Budget 2023: Warning pension tax breaks may make some retire early

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Tax breaks meant to encourage wealthy pension savers to stay in work for longer are “poor value for money” and may not work, a think tank has warned.

The changes, which could cost £1.2bn, may encourage early retirement, said the Resolution Foundation, which focuses on low income earners.

The government’s independent forecaster said the plan could boost employment by 15,000, a fraction of the UK workforce.

The chancellor said it would keep more doctors in work, helping the NHS.

But Labour’s Shadow Chancellor Rachel Reeves described them as a “£1bn pensions bung for the 1%”.

Under the plans announced in Wednesday’s Budget, the tax-free limit for pension savings during a lifetime will be abolished in April.

At present, people can save just over £1m before an extra tax charge is levied.

The annual allowance will remain in place, but will go up from £40,000 to £60,000, after being frozen for nine years. Those who are already drawing a pension, but want to save more will be able to put in £10,000 a year, up from £4,000.

Chancellor Jeremy Hunt insisted the abolition of the lifetime allowance was the quickest and simplest way to solve issues with NHS doctors and consultants, who have been retiring early, reducing hours or turning down overtime for tax reasons.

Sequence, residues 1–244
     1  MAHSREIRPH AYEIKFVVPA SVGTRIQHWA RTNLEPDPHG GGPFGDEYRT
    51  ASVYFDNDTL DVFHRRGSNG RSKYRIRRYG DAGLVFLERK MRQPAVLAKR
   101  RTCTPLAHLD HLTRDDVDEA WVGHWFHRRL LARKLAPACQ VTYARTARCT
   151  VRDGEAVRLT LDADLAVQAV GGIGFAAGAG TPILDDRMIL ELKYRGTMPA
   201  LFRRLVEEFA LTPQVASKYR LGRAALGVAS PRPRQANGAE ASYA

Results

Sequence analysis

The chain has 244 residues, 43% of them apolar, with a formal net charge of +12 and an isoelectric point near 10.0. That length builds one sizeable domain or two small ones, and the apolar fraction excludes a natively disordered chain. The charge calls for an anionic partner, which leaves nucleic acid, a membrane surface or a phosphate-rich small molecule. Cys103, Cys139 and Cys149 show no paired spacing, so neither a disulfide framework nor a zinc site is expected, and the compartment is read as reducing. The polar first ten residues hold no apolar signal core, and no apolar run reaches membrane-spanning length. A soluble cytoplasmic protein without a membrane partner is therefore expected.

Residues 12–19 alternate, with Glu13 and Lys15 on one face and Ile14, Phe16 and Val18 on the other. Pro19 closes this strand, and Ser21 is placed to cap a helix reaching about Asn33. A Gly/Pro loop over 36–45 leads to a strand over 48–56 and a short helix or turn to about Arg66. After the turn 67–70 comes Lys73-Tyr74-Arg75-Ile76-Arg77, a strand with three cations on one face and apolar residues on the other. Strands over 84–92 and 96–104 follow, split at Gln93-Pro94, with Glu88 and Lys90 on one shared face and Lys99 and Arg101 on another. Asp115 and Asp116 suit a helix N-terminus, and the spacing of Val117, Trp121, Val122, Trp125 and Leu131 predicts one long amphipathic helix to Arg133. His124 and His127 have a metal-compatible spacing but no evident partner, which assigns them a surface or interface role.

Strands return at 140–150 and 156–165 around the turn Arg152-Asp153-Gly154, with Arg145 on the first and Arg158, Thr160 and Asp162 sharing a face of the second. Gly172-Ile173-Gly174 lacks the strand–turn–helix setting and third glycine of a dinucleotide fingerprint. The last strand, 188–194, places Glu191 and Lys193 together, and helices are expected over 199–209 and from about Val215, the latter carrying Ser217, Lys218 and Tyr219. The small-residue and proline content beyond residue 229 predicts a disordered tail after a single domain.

However, the Resolution Foundation said the plan was “unneeded” and the benefits of it had been overstated.

It added that it would cost around £80,000 per extra worker, and that giving pension savers “very large wealth boosts will actually encourage some people to retire earlier than they otherwise would have done”.

“It’s a big victory for NHS consultants but poor value for money for Britain,” said Torsten Bell, chief executive of the think tank.

The Institute for Fiscal Studies think tank echoed the concerns, saying the move “probably won’t play a big part, if any, in increasing the number of people in work”.

Labour vowed to “reverse” the plan if it wins the next general election and replace it with a scheme targeted at doctors rather than a “free-for-all for the wealthy few”.

It come as the government is freezing general tax thresholds, which will drive up many people’s tax bills.

The move is expected to raise more than £30bn by 2028, the bulk of this coming from taxes on employees’ income.

It will also create 3.2 million new income taxpayers and 169,000 more will have to pay VAT.

Many in the pensions industry say the lifetime allowance has been a barrier to encouraging pension saving. Experts say removing it could mean wealthy people put money away.

There are also inheritance tax implications, which suggests people may put more money into pensions. Any funds that remain in a pension are not subject in inheritance tax.

In addition, if somebody dies before 75, any funds remaining in their pension is also free from income tax.

However, the effect could be limited as savers who believe the lifetime allowance will return under a Labour government, possibly after the next election, may be less inclined to put a lot of money into their pension.